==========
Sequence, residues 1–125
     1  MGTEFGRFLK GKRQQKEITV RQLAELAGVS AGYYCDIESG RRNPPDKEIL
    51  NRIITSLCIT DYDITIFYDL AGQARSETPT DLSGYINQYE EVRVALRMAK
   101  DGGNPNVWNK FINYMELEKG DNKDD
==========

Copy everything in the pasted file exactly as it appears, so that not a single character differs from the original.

Sequence, residues 1–125
     1  MGTEFGRFLK GKRQQKEITV RQLAELAGVS AGYYCDIESG RRNPPDKEIL
    51  NRIITSLCIT DYDITIFYDL AGQARSETPT DLSGYINQYE EVRVALRMAK
   101  DGGNPNVWNK FINYMELEKG DNKDD